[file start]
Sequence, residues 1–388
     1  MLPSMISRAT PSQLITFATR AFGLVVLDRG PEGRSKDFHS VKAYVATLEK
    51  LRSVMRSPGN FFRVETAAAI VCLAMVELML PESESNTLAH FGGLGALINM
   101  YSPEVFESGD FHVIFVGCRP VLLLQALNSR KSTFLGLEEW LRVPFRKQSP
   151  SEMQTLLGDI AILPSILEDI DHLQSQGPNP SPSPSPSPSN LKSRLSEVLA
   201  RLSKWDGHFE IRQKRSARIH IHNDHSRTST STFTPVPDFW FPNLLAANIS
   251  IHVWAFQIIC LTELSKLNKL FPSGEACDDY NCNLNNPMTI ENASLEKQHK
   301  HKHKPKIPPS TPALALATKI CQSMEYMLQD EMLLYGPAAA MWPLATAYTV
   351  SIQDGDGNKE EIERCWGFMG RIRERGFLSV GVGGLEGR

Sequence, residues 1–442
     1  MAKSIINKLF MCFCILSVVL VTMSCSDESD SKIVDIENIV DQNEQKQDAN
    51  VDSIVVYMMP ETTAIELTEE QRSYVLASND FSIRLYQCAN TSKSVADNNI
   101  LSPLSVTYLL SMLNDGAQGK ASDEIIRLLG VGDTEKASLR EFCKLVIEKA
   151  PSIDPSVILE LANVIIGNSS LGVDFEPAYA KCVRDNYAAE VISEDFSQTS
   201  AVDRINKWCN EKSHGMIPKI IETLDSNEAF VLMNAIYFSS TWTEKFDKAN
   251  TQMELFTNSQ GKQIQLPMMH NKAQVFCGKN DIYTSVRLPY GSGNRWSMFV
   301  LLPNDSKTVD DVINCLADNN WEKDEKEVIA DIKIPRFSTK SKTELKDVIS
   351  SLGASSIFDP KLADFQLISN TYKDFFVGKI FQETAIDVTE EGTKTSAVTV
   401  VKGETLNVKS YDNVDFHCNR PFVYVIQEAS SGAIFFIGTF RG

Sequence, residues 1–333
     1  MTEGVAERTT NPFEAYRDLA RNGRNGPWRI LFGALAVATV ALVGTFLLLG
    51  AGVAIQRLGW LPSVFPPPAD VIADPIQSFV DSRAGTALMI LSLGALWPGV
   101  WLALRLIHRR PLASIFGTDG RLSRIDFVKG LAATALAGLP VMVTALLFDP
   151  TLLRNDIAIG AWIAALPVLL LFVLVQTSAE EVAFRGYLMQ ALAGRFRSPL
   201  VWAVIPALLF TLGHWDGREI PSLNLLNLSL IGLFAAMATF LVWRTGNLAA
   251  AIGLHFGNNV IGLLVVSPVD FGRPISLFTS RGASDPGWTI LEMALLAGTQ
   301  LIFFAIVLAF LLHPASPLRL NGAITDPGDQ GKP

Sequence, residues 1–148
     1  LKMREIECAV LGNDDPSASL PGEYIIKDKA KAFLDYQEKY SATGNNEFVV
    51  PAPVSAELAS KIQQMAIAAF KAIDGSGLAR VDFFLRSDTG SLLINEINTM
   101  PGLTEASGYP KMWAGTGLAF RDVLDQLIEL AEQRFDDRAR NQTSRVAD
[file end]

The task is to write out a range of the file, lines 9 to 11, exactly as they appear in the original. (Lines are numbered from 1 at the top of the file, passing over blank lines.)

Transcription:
   351  SIQDGDGNKE EIERCWGFMG RIRERGFLSV GVGGLEGR

Sequence, residues 1–442
     1  MAKSIINKLF MCFCILSVVL VTMSCSDESD SKIVDIENIV DQNEQKQDAN